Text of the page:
execfile() function
(http://docs.python.org/lib/built-in-funcs.html#l2h-24)

"It is different from the import statement in that it does not use the
module administration --"

I don't know why the globals dict you're passing in would change the
behavior though. Hopefully someone else can enlighten us both.

Peace,
~Simon
 
B

Bruno Desthuilliers

Michael Abbott a écrit :
It seems to be an invariant of Python (insofar as Python has invariants)
that a module is executed at most once in a Python session. I have a
rather bizzare example that breaks this invariant: can anyone enlighten
me as to what is going on?

--- test.py ---
import imptest
execfile('subtest.py', dict(__name__ = 'subtest.py'))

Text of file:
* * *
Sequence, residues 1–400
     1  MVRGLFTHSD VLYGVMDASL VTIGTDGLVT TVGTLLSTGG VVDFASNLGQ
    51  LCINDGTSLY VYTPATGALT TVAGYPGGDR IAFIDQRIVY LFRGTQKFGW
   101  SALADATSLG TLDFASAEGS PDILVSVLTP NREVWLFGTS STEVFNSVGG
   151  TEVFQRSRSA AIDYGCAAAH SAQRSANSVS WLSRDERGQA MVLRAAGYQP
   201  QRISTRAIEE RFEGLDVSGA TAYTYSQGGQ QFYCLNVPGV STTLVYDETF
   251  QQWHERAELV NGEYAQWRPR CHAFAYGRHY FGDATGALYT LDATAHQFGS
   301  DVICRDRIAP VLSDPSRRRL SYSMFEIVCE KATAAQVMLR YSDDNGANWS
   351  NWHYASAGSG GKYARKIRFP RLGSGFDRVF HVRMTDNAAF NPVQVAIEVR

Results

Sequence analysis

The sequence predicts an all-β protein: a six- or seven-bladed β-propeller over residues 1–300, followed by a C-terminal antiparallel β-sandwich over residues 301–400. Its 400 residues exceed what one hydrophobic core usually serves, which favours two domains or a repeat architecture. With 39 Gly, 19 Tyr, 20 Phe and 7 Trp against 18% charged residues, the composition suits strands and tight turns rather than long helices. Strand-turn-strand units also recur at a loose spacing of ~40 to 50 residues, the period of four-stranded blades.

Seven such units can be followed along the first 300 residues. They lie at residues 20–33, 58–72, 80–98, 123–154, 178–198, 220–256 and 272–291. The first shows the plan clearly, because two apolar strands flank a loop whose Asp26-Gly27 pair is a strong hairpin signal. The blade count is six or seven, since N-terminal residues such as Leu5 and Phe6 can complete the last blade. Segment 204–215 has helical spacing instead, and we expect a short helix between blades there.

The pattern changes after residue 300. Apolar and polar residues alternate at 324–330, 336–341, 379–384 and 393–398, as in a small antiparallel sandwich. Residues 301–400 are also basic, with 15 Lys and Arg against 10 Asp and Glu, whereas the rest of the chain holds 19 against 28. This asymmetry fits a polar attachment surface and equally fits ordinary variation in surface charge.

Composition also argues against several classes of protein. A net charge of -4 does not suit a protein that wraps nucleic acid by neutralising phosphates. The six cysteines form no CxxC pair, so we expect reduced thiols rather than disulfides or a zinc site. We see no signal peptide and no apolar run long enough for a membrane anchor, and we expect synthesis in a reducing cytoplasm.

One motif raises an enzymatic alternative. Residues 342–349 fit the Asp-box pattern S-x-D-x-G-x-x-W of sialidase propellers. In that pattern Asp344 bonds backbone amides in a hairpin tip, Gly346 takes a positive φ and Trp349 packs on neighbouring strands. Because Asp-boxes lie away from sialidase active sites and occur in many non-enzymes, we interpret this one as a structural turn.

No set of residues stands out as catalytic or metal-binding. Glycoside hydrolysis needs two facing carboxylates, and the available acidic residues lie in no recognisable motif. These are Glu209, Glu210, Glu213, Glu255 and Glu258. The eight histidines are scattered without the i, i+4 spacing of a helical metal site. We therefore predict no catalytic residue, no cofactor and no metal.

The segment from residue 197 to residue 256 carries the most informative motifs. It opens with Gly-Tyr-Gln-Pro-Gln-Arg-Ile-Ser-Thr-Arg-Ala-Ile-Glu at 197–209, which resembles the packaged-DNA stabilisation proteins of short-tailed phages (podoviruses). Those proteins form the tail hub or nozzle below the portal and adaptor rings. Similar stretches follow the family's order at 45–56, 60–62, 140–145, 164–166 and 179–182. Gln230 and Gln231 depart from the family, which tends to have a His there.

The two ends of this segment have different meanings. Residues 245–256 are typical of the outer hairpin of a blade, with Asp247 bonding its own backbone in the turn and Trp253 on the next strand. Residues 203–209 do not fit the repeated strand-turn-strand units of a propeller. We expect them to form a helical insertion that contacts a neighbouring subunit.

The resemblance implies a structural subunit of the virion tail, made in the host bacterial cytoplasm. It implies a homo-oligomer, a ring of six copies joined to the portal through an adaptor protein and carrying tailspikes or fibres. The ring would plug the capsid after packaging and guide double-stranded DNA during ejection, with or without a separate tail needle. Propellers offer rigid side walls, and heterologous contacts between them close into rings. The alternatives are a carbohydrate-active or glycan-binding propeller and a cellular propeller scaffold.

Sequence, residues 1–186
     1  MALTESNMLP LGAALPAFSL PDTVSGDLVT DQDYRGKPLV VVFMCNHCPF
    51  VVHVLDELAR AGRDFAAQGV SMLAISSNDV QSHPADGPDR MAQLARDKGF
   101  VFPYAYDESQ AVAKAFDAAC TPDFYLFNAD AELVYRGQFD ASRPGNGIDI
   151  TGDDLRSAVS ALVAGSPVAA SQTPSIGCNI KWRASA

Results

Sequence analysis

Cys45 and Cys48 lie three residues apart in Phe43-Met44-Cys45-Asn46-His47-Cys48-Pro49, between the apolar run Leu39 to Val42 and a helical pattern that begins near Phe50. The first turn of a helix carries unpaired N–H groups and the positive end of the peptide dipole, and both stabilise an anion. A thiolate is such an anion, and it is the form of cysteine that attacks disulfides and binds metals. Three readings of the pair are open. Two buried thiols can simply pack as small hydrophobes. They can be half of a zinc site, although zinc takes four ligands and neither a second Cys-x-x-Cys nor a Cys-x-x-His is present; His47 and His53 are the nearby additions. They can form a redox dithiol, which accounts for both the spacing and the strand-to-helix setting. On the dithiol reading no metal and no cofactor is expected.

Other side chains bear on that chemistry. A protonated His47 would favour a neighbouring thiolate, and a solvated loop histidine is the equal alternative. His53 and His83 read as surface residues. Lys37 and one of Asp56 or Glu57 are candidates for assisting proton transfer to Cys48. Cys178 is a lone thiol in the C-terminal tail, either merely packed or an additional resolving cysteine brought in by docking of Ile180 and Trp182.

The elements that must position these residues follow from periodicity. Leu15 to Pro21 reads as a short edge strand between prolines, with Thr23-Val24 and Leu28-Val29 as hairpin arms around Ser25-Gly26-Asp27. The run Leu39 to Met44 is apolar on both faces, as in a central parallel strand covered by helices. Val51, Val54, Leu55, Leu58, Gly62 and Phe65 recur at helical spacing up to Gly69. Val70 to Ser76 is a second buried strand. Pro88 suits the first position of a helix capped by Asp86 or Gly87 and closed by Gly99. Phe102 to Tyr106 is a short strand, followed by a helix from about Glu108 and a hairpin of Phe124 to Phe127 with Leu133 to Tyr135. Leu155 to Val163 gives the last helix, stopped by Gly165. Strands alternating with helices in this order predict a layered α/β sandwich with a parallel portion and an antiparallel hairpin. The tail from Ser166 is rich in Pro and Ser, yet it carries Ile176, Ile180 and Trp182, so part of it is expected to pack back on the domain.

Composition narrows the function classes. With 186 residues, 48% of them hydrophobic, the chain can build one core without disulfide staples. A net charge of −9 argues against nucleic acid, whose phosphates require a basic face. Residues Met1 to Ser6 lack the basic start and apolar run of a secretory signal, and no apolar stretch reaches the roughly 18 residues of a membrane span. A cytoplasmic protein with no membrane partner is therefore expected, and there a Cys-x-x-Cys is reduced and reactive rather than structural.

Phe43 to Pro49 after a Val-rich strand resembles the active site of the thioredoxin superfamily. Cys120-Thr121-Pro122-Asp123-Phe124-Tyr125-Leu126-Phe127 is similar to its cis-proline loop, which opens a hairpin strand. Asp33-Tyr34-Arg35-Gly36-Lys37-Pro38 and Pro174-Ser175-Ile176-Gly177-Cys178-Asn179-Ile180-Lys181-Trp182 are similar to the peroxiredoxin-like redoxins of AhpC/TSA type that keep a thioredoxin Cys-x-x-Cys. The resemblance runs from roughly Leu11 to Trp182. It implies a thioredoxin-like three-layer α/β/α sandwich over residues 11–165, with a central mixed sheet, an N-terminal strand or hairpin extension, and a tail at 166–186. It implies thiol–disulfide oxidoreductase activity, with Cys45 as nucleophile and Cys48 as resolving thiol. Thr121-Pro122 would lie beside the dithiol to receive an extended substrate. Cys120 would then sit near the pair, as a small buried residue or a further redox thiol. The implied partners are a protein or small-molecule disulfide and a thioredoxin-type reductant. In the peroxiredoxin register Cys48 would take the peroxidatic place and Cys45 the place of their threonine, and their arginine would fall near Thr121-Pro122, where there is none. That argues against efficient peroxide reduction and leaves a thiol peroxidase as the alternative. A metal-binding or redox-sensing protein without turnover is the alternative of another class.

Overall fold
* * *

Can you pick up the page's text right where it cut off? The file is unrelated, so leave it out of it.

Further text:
--- imptest.py ---
print 'Imptest imported'
--- subtest.py ---
import imptest
---

$ python test.py
Imptest imported
Imptest imported
$

Hmm. If the value __name__ is omitted from the dictionary, or if its
value doesn't match at least 'subtest.' then the message is printed only
once (for example, passing dict(__name__='subtest') produces one
"imported" message).

During module evaluation, __name__ is usually set to the name of the
module *object*, not the name of the *file*. I suspect that it has
something to do with your observation.
 
M

Michael Abbott

Bump

Michael Abbott said:
--- test.py ---
import imptest
execfile('subtest.py', dict(__name__ = 'subtest.py'))
--- imptest.py ---
print 'Imptest imported'
--- subtest.py ---
import imptest
---

$ python test.py
Imptest imported
Imptest imported
$

I claim this as an unreported (and highly obscure) Python bug.
 
J

John Salerno

Simon said:
I don't get it either but there may be a clue in the docs for the
execfile() function